• Mikaël Dautrey
Reporting: Data Analysts Blues

An article published in Computer Weekly states that more than 50% of data analysts in the UK anticipate to quit their current job in 2020. The main difficulties they cite were:

  • a lack of management support (29% of answers)
  • bureaucracy that hinders data science projects (44%)
  • a lack of data tools (28%)

Those oldies but goodies

It has been a long way since organizations begun to take care of their data. Data management and data analysis are already well implanted in business processes:

  • Reporting is everywhere, from marketing and sales to project management,
  • Value analysis, return on investment calculation are the daily bread of operational managers, accountants, and CFO,
  • Business planning, sales forecasts are updated every quarter, sometimes every months,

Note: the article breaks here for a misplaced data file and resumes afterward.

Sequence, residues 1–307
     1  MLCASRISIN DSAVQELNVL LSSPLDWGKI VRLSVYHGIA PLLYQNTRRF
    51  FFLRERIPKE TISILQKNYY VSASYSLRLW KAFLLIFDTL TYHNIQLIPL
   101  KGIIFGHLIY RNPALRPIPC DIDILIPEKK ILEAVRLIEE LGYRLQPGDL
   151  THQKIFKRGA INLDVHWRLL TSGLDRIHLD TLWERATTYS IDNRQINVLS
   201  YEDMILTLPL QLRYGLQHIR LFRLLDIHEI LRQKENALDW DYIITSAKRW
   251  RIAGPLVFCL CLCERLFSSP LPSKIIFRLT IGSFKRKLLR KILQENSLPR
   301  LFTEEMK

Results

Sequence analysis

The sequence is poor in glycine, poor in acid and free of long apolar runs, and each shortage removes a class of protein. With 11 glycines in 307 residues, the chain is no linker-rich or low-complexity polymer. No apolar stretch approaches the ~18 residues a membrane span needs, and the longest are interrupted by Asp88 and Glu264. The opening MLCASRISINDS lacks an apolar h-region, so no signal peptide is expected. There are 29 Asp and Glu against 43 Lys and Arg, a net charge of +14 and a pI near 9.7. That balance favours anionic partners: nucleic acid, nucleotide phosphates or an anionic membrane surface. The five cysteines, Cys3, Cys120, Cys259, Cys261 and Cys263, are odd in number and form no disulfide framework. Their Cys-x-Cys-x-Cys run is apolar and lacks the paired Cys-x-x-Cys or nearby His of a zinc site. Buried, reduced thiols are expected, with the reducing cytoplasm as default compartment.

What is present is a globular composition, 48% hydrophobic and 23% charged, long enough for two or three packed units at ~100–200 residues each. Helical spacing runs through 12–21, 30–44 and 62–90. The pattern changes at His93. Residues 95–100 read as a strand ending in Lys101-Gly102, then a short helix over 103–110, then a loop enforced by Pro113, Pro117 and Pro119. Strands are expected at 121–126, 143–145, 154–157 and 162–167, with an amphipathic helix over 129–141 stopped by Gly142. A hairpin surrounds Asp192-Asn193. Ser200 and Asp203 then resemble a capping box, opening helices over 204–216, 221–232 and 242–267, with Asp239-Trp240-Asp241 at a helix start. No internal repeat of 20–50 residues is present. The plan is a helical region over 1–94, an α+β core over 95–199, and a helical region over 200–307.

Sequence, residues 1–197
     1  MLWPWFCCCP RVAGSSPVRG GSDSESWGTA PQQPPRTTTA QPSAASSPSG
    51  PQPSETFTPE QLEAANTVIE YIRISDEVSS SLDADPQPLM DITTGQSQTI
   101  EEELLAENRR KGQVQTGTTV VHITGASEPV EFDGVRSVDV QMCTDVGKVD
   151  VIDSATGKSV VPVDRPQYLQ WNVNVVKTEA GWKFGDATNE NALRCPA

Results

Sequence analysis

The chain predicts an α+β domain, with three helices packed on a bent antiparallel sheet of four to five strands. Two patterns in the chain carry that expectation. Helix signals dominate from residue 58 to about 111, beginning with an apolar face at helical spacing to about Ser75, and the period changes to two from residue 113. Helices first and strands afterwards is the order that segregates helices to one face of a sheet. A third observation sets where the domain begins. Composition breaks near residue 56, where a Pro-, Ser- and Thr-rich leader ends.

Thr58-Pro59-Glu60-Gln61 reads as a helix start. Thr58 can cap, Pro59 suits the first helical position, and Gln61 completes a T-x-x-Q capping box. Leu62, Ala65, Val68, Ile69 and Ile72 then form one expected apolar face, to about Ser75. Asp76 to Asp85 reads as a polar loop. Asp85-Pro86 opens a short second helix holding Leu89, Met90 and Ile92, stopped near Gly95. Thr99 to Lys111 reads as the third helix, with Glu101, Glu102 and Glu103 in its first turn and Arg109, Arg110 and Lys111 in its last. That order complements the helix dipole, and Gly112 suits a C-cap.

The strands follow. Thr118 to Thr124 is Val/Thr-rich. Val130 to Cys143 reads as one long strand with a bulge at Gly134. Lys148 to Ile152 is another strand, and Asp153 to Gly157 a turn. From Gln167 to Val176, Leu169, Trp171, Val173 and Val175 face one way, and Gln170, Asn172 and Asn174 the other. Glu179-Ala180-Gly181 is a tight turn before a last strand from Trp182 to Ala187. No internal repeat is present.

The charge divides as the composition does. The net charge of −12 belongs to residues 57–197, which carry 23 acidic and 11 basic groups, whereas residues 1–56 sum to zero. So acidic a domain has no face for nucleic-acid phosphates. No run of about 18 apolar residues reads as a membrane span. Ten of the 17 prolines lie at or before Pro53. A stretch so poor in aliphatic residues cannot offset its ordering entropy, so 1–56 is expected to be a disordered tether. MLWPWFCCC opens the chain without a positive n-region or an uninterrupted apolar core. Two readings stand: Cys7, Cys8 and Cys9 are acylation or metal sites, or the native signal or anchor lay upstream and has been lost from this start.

• Web marketing, content marketing, search engine optimization are technical, quantified, tooled process,
  • ...

Reporting is as old as IT. Spreadsheet and accounting software was among the first applications shipped with (central) computer systems more than thirty years ago. Excel is the tip of the iceberg, the swiss army knife of many operational managers. But Excel is not alone. Behind the scene, it queries data stores, RDBMS, AS400, applications as diverse as those ugly but efficient VT100 terminal, CSV produced by batch processing or web services. And when it comes to advanced reporting or statistical analysis, a herd of applications, from Business Object, Crystal Report or SAS pops up with their experts, their ecosystem and their specificities.